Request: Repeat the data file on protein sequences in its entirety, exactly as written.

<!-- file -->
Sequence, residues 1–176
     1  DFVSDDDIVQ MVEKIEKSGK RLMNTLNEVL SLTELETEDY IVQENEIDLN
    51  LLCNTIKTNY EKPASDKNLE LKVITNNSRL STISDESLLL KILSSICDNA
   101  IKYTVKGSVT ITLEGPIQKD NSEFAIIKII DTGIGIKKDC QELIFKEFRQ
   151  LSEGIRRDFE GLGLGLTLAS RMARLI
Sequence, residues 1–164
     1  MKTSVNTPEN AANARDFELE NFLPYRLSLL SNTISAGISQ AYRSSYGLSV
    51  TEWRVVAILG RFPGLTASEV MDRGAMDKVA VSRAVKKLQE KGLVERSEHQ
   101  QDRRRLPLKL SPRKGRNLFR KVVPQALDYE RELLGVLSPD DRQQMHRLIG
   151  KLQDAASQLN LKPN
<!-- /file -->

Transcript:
Sequence, residues 1–176
     1  DFVSDDDIVQ MVEKIEKSGK RLMNTLNEVL SLTELETEDY IVQENEIDLN
    51  LLCNTIKTNY EKPASDKNLE LKVITNNSRL STISDESLLL KILSSICDNA
   101  IKYTVKGSVT ITLEGPIQKD NSEFAIIKII DTGIGIKKDC QELIFKEFRQ
   151  LSEGIRRDFE GLGLGLTLAS RMARLI
Sequence, residues 1–164
     1  MKTSVNTPEN AANARDFELE NFLPYRLSLL SNTISAGISQ AYRSSYGLSV
    51  TEWRVVAILG RFPGLTASEV MDRGAMDKVA VSRAVKKLQE KGLVERSEHQ
   101  QDRRRLPLKL SPRKGRNLFR KVVPQALDYE RELLGVLSPD DRQQMHRLIG
   151  KLQDAASQLN LKPN